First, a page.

Quality Assessment: Chemical: pH
A change in streamwater pH can also affect aquatic life indirectly by altering other aspects of water chemistry. For example, low pH levels can increase the solubility of certain heavy metals. This allows the metals to be more easily absorbed by aquatic organisms.
A shift of pH in either direction from neutral may indicate the presence of a pollutant in the stream. However, since some streams are naturally acidic or basic pH may not necessarily indicate pollution. The pH of clean water depends on several factors, including the types of rock and vegetation within the watershed. The water that enters a stream passes through the canopy of the trees, percolates through the soil, and flows through the groundwater system to eventually empty into the stream. During its travels, the water weathers the rocks and soils and picks up acidic and alkaline (high pH) compounds throughout the watershed. For example, streams draining forests and marshes are often slightly acidic due to the presence of humic acids produced by decaying vegetation in the soil. On the other hand, streams in watersheds situated on limestone (CaCO3) contain high concentrations of bicarbonate ions. This results in alkaline waters.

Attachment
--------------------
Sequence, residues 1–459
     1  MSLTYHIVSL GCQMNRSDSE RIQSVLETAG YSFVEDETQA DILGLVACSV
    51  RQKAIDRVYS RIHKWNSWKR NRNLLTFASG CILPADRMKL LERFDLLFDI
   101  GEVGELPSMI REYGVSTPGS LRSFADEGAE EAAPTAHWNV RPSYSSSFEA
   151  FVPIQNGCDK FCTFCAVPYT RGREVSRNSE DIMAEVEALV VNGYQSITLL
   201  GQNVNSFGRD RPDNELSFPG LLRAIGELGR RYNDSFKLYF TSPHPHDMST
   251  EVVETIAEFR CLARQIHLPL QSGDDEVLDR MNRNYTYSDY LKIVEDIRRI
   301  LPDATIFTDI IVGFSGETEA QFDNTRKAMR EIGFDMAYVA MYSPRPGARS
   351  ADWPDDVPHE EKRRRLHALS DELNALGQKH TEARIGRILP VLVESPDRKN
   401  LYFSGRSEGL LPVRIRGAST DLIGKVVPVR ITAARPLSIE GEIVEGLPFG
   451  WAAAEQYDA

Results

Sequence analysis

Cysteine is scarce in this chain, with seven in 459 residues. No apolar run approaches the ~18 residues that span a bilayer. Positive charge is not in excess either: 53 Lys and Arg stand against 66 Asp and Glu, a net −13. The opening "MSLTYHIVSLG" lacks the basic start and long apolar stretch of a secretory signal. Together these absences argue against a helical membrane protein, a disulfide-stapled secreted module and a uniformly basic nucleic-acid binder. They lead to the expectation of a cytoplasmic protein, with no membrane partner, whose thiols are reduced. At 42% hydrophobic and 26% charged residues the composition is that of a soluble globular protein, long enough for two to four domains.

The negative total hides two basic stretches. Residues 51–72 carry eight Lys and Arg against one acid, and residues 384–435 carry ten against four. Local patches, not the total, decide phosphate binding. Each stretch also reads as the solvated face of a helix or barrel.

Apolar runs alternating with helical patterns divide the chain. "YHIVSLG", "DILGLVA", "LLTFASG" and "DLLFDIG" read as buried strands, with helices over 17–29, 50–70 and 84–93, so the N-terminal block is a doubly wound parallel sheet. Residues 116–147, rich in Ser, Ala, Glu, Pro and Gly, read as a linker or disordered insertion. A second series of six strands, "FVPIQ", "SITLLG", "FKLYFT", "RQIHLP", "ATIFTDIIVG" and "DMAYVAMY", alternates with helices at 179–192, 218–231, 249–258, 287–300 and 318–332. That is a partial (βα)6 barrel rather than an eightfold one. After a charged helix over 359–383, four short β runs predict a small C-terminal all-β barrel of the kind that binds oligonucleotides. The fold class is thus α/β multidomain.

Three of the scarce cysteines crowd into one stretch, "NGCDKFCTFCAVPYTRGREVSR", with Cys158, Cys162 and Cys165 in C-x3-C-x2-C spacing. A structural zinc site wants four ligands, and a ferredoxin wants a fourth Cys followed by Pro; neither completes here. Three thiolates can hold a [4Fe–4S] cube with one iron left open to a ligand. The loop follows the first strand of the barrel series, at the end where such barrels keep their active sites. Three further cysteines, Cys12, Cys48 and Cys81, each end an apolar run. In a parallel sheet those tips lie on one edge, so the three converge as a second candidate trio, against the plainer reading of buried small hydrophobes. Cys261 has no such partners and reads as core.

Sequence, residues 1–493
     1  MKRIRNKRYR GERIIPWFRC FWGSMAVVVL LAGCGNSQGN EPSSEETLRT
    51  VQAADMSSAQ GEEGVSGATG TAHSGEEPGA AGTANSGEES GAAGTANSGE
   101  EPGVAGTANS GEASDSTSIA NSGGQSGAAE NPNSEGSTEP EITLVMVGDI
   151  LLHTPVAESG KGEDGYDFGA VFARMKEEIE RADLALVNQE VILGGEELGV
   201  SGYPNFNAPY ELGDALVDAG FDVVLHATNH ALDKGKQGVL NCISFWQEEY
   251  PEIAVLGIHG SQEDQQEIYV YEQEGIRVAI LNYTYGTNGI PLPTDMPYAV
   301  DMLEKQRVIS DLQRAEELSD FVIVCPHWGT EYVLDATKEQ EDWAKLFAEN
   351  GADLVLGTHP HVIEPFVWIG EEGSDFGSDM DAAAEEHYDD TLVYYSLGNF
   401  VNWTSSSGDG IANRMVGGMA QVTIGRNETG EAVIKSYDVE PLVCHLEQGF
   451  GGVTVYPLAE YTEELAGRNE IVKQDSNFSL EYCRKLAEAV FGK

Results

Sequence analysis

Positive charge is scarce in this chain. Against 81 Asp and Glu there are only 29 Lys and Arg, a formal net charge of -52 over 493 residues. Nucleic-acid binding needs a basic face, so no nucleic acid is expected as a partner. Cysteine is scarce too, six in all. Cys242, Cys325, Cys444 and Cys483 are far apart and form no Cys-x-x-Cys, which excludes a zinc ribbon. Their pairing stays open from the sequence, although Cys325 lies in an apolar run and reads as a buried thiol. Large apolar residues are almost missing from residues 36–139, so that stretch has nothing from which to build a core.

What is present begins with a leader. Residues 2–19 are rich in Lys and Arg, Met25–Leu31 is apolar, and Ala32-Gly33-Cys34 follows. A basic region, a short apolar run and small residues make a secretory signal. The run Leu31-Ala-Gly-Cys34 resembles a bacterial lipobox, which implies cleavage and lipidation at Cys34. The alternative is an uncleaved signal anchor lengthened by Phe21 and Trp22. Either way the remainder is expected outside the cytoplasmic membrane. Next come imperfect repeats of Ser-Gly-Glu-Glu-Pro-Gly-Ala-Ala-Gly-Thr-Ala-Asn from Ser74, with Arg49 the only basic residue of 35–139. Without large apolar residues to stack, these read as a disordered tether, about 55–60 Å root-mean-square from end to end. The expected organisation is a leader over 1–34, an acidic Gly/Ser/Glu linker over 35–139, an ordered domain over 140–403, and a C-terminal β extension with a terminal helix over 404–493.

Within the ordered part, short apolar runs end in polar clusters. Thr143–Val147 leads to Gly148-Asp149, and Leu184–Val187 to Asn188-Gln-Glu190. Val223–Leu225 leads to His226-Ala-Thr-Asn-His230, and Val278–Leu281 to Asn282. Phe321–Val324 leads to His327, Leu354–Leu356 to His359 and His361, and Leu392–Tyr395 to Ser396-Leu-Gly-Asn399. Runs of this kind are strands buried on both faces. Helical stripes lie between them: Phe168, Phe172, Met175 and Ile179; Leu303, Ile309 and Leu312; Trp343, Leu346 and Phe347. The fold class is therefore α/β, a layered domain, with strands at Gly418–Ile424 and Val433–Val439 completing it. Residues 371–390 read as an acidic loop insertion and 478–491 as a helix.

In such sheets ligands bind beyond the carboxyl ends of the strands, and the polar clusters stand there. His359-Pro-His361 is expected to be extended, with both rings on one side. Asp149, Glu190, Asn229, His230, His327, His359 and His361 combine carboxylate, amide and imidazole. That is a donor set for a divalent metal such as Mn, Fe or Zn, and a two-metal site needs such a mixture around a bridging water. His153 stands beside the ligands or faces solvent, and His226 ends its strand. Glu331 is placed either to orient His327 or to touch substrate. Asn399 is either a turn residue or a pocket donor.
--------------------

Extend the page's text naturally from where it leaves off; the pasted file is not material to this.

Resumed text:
Alkaline water can act as a weak buffer solution, depending on the concentrations of carbonates and bicarbonates. Therefore an acidic pollutant may be present in such water, yet not cause a change in the stream's pH. For this reason, alkalinity should be examined in conjunction with pH.
/ Alkalinity / Hardness
/ Nitrates. Nitrites, and Ammonia / Ortho-
and Total Phosphate / Dissolved Oxygen and
Biochemical Oxygen Demand / Fecal Coliform
/ Conductivity and Density
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